A very effective thickening agent which displays unique gelling properties in that it gels on heating and melts on cooling, in the opposite way to gelatine. In addition, methylcellulose can act as an emulsifier and be used to form foams, mousses and edible films. Also, methylcellulose can reduce the uptake of batter during frying and make batter crispier.

What is it?

Methylcellulose is synthetically produced by heating cellulose – derived from plant matter – with various compounds. It exists in several different forms and is used in the food industry in a number of applications – typically in ice creams and fat based desserts as a thickening agent – but also as filler, dietary fibre, anti clumping agent and emulsifier.

What will it make?

At ambient temperatures, a solution containing methylcellolose can be whisked to form a foam or mousse or can be mixed with oil to form an emulsion. When heated, a methylcellulose solution will gel but will revert to its original consistency on cooling.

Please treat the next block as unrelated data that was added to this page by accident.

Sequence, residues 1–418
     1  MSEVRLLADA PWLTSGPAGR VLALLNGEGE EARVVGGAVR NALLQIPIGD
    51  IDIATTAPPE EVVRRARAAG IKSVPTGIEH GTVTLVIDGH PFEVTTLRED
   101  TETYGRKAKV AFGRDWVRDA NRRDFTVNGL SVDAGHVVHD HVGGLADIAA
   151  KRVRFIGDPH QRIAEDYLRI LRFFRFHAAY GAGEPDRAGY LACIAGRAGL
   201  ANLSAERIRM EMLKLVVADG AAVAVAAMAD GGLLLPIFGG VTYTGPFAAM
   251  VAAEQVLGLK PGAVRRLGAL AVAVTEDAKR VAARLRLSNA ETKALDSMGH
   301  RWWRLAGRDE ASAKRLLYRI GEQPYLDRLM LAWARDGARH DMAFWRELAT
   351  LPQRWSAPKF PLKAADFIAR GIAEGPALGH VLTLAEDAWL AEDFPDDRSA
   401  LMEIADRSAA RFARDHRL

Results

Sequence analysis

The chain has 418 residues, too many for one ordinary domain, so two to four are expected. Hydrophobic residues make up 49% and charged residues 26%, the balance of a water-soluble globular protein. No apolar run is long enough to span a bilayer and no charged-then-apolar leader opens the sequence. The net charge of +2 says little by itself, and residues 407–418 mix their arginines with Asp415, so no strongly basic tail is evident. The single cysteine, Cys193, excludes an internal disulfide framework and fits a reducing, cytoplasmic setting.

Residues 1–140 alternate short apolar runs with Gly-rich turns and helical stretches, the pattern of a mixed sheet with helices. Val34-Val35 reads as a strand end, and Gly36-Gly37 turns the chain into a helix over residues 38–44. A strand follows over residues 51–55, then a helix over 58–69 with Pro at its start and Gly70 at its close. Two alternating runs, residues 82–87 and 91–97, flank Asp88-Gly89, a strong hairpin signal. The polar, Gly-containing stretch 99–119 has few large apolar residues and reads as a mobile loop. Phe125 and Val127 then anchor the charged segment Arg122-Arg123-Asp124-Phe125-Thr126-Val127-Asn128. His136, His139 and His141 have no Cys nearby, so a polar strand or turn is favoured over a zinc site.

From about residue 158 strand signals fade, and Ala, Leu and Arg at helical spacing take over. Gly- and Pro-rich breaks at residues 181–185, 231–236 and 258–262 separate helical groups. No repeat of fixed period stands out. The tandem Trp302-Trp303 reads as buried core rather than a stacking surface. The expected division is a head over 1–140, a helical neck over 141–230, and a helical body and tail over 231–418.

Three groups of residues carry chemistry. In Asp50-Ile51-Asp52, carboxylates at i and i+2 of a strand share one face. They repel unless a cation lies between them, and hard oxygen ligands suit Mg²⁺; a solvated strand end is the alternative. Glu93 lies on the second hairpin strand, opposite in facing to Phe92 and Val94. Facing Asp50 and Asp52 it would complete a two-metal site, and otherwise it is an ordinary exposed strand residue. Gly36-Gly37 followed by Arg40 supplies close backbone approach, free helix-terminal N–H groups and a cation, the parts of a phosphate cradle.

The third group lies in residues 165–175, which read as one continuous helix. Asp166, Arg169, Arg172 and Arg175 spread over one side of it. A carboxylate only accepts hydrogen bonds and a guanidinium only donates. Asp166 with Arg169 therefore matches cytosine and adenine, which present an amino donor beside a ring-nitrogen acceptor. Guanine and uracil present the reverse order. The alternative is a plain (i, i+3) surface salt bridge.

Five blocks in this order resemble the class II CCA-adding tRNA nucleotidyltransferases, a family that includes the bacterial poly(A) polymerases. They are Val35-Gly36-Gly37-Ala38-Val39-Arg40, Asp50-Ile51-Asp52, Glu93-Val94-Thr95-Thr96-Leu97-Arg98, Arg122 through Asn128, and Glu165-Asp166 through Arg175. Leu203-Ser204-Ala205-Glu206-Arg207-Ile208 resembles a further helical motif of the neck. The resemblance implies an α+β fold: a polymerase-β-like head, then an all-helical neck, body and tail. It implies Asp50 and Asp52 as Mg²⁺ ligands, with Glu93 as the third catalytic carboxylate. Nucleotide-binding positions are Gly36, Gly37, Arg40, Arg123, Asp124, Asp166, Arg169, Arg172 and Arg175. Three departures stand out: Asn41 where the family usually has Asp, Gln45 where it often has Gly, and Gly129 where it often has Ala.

How should it be used?

Methylcellulose is water soluble. However, to aid dispersion of the powder into the water, the liquid should first be heated, and then the powder added while it is hot, mixing thoroughly. The solution should be mixed continuously as it cools to allow the methylcellulose to fully dissolve. Avoid over-whisking as this causes air bubbles to get trapped. Allow to cool before using.

Who uses it?

Wylie Dufresne of WD-50 in New York (1 Michelin)

Carles Abbellan of Commerç 24 in Barcelona (1 Michelin)

Paco Roncero of La Terraza del Casino in Madrid (2 Michelin)